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Linking benefits for AIDS patients to Aadhaar triggers privacy concerns

Many patients are avoiding going to hospitals and ATR centres fearing mandatory submission of their Aadhaar number could lead to disclosure of their identity, inviting social stigma.

bhopal Updated: Apr 03, 2017 12:34 IST
Shruti Tomar
Shruti Tomar
Hindustan Times, Bhopal
Madhya Pradesh’s AIDS Control Society has made submission of Aadhaar number compulsory for people living with the HIV/ AIDS to get free medicines and treatments from February this year(AFP File Photo)

Linking people living with the HIV/ AIDS with Aadhaar cards has allegedly driving away patients from hospitals and antiretroviral therapy (ATR) centres in Madhya Pradesh.

The patients feared that the compulsory submission of Aadhaar card to get free medicines and medical check-ups under a government’s AIDS control scheme, could lead to disclosure of their identity, inviting social stigma.

The Aadhaar is a 12 digit unique-identity number issued to Indian residents based on their biometric and demographic data collected and maintained by the Unique Identification Authority of India (UIDAI).

As per health department sources, the MP State AIDS Control Society made Aadhaar card number compulsory from February this year for those affected by the virus to get free medicines and treatment in accordance with the Central government’s policy making the submission of 12 digit identity number mandatory to avail benefits of any government scheme.

The National AIDS Control Organisation (NACO) has also recently written to ART centres to link all people living with the HIV/ AIDS with Aadhaar cards for effective monitoring and to avoid duplication.

Health activists, however, said that while issuing the directive the society did not take into account the negative fallout of the move.

Sources said many patients and suspected victims started avoiding ATR centres and district hospitals after the new rule came into effect.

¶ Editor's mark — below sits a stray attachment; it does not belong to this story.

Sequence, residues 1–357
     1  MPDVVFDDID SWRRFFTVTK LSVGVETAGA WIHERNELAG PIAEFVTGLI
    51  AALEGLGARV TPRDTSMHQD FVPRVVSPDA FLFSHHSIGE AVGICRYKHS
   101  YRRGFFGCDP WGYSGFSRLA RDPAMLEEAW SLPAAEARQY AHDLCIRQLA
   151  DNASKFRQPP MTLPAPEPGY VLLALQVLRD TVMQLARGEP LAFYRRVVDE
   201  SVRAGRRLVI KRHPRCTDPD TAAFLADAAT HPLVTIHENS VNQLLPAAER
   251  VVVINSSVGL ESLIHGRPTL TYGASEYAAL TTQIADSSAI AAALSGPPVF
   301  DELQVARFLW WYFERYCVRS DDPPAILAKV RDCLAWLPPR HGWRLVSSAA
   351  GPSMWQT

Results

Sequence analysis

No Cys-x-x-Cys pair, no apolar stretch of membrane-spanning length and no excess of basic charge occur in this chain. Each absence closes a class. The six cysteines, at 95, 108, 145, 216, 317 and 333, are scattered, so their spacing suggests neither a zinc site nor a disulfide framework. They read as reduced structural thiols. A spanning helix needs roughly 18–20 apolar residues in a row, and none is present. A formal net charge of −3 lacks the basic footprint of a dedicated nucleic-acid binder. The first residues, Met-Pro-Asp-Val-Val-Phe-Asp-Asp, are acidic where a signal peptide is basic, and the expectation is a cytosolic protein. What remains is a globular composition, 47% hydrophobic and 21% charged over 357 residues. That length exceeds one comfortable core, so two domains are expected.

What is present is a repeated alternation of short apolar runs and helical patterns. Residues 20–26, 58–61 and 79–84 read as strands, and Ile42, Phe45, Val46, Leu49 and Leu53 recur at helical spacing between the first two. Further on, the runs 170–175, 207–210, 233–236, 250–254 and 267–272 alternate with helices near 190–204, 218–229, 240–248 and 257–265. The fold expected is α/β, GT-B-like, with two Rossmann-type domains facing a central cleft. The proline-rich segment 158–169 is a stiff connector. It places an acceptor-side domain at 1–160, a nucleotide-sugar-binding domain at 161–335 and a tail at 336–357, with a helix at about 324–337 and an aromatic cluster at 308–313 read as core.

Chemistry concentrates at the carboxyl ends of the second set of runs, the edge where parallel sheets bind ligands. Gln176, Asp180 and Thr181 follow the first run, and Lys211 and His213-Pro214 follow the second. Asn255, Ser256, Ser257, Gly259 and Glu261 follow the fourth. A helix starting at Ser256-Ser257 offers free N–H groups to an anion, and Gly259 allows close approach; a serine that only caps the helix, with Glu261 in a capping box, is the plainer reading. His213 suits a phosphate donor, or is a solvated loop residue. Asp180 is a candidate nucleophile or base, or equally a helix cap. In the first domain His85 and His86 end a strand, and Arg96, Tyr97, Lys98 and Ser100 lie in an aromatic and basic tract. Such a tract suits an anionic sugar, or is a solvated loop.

“Aadhar card is linked to so many things, including even the bank account. How can I be assured that my identity would not be disclosed? I would rather go to a private hospital. It’s daunting for a person like me who has come here for the first time just to rule out my doubts related to the infection,” said an engineering student, who was at the Bhopal district hospital for a test.

Even evaluators at the state’s AIDS Control Society find justification in the apprehension.

“During evaluation, we find employees at the centres disclose identities of patients without any hesitation. When they can easily disclose it to me, how can I expect they would not pass on the information to others? Even, patients lodged complaints of facing social stigma because of disclosure of their identities. The linking of Aadhaar with the health scheme will only add to their woes,” said an evaluator, requesting anonymity as he is not authorised to speak to media.

Officials of the society, however, refused to pay much attention to the concerns raised by the patients on the ground that the linking was imperative for effective monitoring.

“Aadhaar is being made compulsory for everything. So, I don’t think there is any problem to make it mandatory for AIDS patients too,” said Savita Thakur, joint director of the society.

“We want the entire system to be centralised and to provide the benefits under social protection schemes to the AIDS patients. It helps us in monitoring their health. Many a time, patients give wrong addresses, making it difficult for us to track them later. The Aadhaar linkage will eliminate such problem,” she added.

She assured protection of patients’ identity would be paramount and said counsellors were asked to convince patients about it.

Health activists are not convinced. They cited most of the suspected-patients get themselves examined anonymously.

Social worker Sudheer Bhargava, who is working for the welfare of AIDS patients for the past two decades, said, “When government claimed that identity of a patient would not be disclosed to even his/her spouse then why should they ask for the Aadhaar card.”

Such a situation might trigger a major problem in the society in future as AIDS patients would prefer not to be treated and it would be detrimental not only to their health but also to the society, he added.

Social activist Rakesh Diwan questioned the legality of the move pointing out that even the Supreme Court has ordered the Aadhaar card could not be made mandatory for availing benefits of government schemes.

First Published: Mar 28, 2017 20:49 IST